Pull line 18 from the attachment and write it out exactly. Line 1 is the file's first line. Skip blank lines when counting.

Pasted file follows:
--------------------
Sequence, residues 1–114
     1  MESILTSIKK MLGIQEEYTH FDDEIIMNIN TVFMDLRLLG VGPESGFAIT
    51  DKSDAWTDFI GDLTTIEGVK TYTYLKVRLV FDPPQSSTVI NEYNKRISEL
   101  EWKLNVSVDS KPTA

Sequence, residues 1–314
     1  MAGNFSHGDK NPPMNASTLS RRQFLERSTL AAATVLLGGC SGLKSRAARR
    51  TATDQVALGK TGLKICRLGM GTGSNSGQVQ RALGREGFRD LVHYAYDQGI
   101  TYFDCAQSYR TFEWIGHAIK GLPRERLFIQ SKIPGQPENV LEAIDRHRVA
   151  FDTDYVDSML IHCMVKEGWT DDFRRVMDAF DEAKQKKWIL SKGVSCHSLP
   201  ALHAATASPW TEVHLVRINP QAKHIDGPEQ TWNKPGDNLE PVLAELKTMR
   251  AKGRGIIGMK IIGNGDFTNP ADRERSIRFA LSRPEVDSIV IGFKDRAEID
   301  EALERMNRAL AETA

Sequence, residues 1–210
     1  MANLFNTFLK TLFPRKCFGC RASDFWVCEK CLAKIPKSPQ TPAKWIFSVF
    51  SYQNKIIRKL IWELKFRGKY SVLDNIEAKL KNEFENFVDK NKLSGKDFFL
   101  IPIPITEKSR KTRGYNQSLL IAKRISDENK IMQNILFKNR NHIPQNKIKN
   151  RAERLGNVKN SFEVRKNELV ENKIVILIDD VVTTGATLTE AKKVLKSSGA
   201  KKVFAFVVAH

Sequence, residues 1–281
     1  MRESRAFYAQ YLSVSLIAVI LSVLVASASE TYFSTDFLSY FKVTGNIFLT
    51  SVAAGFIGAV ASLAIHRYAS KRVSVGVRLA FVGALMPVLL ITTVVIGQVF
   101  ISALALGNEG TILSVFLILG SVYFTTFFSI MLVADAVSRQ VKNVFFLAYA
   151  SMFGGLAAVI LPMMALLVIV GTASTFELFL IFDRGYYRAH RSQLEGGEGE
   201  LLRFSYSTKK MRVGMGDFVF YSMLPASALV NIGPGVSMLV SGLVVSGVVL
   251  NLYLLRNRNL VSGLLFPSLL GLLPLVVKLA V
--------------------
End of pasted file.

   201  KKVFAFVVAH